Getting to know John Kirkpatrick
Many readers will have met John during the years he has been BQ’s Umpire Committee Co-ordinator. If you know John, then you will be familiar with his dedication and dry wit.
Born in Millmerran, John first took up bowls at the age of 25 while living in Mackay. Mackay Bowls Club was the first club John joined as a favour to the local undertaker at the time. John remembers that in those days it was men only, the president was a local businessman named ‘Williamson’ and both of the lovely bar staff were called ‘Rhonda’.
Over the years, John has belonged to Mackay, Goondiwindi, Warwick, Charleville, Innisfail and Springwood Bowls Clubs and is currently a member at Capalaba. Membership at these clubs has moved in line with his 40-year role as a policeman.
Amongst his bowls experiences, John has won four club competitions, played in State titles, met some good and honest people with “good competitive spirit and when the game’s over, they say let’s have a beer and forget about it”.
Overall, he credits bowls with helping him make ‘lifelong friends’.
When he first completed the umpire’s exam, there were 100 questions and you had to get 90% right. Nowadays, the onus is not quite as daunting and accreditations are carried out by a process of quizzes, matching correct answers with questions.
Giving something back to the sport was what motivated John to take up a volunteer role with Bowls Queensland. He has been an umpire for close to 50 years and has answered many questions from people across the State over those years, which has kept his brain active. He would like to give a shout-out to Cath Crowe at BQ for her assistance in making his job easier over the years.
When asked what he thinks about bowls today, John feels that the sport is still the same as when he first started playing.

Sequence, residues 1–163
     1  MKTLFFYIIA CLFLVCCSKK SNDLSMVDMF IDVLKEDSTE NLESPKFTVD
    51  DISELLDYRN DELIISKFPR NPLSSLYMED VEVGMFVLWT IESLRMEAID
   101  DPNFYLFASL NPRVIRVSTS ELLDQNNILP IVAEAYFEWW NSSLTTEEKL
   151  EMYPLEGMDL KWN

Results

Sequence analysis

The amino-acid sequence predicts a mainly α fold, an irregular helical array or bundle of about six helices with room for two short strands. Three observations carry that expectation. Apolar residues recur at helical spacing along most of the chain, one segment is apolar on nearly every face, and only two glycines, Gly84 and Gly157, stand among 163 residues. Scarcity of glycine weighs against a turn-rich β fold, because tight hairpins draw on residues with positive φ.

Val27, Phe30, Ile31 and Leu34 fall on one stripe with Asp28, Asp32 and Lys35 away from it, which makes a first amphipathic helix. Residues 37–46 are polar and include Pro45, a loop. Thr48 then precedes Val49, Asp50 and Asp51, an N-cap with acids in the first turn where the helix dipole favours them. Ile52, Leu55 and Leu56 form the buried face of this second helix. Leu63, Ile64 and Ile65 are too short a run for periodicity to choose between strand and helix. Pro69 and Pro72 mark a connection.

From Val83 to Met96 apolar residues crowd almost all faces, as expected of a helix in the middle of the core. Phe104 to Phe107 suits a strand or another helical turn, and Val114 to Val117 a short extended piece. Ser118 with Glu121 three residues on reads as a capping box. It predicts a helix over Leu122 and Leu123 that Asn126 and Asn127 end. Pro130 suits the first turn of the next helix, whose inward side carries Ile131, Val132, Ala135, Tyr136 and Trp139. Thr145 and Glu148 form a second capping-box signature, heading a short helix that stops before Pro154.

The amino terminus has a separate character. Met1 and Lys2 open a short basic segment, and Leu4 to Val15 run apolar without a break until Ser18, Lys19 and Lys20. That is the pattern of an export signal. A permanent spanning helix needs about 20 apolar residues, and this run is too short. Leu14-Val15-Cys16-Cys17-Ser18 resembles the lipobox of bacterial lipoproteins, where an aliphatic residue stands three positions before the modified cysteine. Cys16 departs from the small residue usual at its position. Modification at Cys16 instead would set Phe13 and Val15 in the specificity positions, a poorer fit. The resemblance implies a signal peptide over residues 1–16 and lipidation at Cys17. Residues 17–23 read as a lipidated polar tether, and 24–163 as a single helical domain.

“The unfortunate part about it today is that a lot of people, including the younger brigade, are time-poor, and a game of bowls can take a few hours to play.
“Most clubs are doing barefoot bowls now, which is a form of bowls.”
John has noticed over the years that when bowls is taken up as a junior, most young people move away from the sport towards other interests and family time, but come back to it later in life and comment on how much they had missed the game.
John has some advice for people thinking about taking up bowls.
“Bowls is one of those sports you can have a lot of fun with and make many friends,” he said.
“Bowls clubs would not survive without volunteers, so don’t be frightened to put your hand up and do a job that puts something back into your club.”
John has many interesting and funny stories to share, gleaned from years of playing bowls. This is just one of John’s stories:
“Many years ago, while playing in a two-day bowls tournament in Toowoomba, we played a team from Ipswich and had a very comfortable win.
Whilst having lunch, the lead of the team from Ipswich commented to the rest of his team “when we’re on the way home, as we cross the Bremer River, stop in the middle of the bridge so I can throw my bowls into the river”.
Our lead, in a somewhat sympathetic voice said, “I wouldn’t do that if I were you”. With that, the player from Ipswich said, “why is that?”. Our lead replied, “the way you played, you would probably miss the river!”